Can-o-rama jam #2: Pear honey, pure and simple

1 11 2009
Bosc Pears, from Portland Farmers Market

Image via Wikipedia

They are the last pears of the season – Boscs, juicy and sweet. Their perfume called to me from the far end of the farm stand. They were unblemised, slightly yielding to a gentle squeeze but not yet bruised, still firm enough to eat out-of-hand and not yet ready to be stewed into pear butter.

Just perfect for these pears is the simplest of pear jams: pear honey, made with brown sugar and my current favorite jamming acidifier, white balsamic vinegar.

It’s smooth, not-too-sweet, with a hint of the grated ginger. Unfortunately, my finished jam shots are a little too dark, but I’ll upload the color-corrected picture later today. Meanwhile, I’m enjoing this last taste of summer!

Pear Balsamic Honey

3 lbs Bosc pears (peeled, cored)
2 cups brown sugar
3 tablespoons balsamic vinegar
2 teaspoons fresh ginger root, grated

  • Run the peeled and cored pears through a food mill on a coarse grind (or chop very fine.)
  • Measure the fruit puree. Add the balsamic vinegar, and add water if needed so that the fruit puree measures 4 cups.
  • Stir the brown sugar and ginger root into the pear puree. Bring the mixture to a boil,
  • When the boiling puree can’t be stirred down, reduce the heat to medium and maintain the steady boil, stirring constantly, until the mixture thickens and sheets from the spoon. Time will vary but this takes between 25-35 minutes.
  • Remove from the heat, skim off any foam that rises, and ladle into hot jars you’ve prepared for water bath canning. Leave 1/2 inch headspace.
  • Process in hot jars according to USDA directions for hot-water bath canning (10 min. for 8 oz. jars.)

Makes about 5 jars of pear honey.

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Condiment Jam: Homemade mustard update

19 10 2009
Image by foodistablog via Flickr

It’s finally MUSTARD! After two patient days (patience isn’t always my strong suit), it was finally time to take the great mustard experiment to the next level.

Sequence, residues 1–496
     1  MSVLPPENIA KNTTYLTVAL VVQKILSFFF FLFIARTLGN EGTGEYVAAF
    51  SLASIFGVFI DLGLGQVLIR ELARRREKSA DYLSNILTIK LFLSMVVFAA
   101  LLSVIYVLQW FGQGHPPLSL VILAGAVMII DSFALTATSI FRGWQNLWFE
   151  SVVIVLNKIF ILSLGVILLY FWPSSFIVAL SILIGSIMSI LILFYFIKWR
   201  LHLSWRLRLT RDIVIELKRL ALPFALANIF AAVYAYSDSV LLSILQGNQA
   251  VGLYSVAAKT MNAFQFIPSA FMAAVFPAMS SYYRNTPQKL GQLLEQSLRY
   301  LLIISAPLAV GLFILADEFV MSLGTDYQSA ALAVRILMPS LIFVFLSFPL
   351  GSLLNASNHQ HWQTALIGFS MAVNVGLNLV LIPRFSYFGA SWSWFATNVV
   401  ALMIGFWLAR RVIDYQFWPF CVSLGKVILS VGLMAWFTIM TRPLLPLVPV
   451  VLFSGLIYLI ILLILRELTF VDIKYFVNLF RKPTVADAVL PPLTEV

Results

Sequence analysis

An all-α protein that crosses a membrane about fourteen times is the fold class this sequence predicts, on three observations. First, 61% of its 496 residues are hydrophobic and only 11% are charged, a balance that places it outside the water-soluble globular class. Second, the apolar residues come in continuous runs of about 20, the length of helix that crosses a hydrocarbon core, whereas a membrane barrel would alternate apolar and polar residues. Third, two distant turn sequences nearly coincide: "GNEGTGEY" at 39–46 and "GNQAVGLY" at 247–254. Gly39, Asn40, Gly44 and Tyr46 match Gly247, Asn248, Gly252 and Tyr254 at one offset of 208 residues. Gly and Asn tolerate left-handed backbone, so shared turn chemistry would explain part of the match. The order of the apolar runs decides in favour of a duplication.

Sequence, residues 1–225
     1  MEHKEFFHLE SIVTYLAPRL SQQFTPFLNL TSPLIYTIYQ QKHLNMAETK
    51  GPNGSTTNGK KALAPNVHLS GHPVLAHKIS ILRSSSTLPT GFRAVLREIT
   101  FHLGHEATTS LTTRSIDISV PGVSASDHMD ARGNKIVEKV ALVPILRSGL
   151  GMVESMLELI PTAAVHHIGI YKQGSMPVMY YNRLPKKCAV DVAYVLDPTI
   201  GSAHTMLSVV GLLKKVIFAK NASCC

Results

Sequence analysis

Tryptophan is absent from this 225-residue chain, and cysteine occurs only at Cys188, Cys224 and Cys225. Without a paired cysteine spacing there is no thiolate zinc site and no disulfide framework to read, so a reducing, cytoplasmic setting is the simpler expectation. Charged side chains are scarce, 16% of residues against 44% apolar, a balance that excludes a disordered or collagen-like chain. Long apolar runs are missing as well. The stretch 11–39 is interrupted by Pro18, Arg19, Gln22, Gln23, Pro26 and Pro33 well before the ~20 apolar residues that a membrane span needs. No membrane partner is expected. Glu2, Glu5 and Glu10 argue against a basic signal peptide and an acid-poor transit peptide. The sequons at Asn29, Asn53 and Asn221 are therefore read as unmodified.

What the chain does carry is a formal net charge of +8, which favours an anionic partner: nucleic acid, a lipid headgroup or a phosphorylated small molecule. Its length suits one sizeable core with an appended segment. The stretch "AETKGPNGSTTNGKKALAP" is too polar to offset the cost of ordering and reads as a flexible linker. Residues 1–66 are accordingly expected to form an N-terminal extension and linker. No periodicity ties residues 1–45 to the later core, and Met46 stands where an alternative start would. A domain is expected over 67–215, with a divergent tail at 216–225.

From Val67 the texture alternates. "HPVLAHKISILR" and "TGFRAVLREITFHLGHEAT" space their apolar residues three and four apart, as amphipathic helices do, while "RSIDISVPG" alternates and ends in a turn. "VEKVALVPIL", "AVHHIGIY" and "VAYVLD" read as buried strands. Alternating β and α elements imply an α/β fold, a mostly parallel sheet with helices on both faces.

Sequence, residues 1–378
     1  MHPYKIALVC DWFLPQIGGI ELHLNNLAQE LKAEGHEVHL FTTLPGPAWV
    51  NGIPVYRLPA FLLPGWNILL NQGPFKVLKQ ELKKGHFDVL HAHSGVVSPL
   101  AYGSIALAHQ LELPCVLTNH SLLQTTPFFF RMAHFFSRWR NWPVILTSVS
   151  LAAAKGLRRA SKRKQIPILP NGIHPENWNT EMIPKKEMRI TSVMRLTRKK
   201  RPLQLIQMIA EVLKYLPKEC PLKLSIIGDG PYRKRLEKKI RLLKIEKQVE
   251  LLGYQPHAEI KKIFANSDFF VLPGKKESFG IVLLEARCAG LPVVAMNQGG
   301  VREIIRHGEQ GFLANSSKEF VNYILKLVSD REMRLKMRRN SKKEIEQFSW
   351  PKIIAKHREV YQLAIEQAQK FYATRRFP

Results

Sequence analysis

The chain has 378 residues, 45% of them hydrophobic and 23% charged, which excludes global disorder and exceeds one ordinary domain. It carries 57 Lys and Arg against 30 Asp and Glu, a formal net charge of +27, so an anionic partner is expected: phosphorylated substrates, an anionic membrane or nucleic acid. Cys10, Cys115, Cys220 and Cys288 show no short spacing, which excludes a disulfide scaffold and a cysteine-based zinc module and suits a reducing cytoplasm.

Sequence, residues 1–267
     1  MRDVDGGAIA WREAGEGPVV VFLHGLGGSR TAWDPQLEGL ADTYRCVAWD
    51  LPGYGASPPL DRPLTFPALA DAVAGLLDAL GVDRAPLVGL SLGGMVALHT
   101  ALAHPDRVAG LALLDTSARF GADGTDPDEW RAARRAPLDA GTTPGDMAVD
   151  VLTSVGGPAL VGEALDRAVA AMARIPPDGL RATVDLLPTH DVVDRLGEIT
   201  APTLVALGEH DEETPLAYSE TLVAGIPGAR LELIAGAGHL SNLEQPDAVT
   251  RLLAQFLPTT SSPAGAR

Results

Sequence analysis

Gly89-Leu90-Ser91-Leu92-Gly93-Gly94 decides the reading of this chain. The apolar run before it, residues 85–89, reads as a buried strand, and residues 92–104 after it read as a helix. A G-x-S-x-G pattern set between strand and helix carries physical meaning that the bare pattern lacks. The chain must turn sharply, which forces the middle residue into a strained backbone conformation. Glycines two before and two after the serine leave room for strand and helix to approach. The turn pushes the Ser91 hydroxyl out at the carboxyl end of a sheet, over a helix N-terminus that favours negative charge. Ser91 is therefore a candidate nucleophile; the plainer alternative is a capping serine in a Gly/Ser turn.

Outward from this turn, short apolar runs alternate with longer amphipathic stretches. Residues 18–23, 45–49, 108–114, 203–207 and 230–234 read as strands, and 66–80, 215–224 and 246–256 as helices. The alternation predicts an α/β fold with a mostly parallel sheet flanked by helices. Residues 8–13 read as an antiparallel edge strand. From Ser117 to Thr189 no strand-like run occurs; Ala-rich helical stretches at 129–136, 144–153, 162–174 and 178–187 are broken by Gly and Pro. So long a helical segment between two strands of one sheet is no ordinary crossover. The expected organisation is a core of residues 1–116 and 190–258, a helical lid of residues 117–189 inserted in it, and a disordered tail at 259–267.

I’d been soaking a combination of dark and white mustard seeds in red wine (a chardonnay and merlot blend), red wine & balsamic vinegars for two days. With the soaking done, I improvised the next steps on a mustard recipe which came originally from Martha Stewart.

Stewart’s recipe uses all red wine vinegar and 1 tablespoon of ground marjoram. Since I’d just brought in my herb harvest, I substituted 2 tablespoons of chopped fresh thyme leaves. Stewart’s mustard is designed to be refrigerator mustard, but since this recipe is high in vinegar, I used a cold-pack canning method on two of my jars. First tastes were very sharp; I’m looking forward to tasting daily to see how it mellows.


  • 1/4 cup yellow mustard seeds
  • 1/2 cup brown mustard seeds
  • 1/2 cup dry red wine
  • 3/4 cup red-wine vinegar
  • 1/4 cup balsamic vinegar
  • 1 teaspoon freshly ground black pepper
  • 2 tablespoons sugar
  • 2 teaspoons salt
  • 2 tablespoons fresh thyme leaves


  1. In a 1-pint canning jar, combine mustard seeds with the red wine and vinegars. I used a chardonnay/merlot wine blend. Cover the jar and let sit 48 hours. (I put mine in the refrigerator.) Check daily to be sure seeds are covered by liquid; add more wine if necessary.
  2. Put the seeds and liquid in the bowl of a food processor, along with all of the remaining ingredients. Process about 5 minutes, or until seeds are broken down and the mixture become creamy.
  3. To can: Spoon the mustard into hot, sterilized 1 cup or 1/2 cup jars, leaving 1/2 inch headspace. Process 20 minutes in a boiling water batch.
  4. To use within 1 month: Spoon the mustard into an airtight container. Allow the mustard to rest in the refrigerator for at least 1 week before using to let the flavors develop. The mustard will keep for up to 1 month.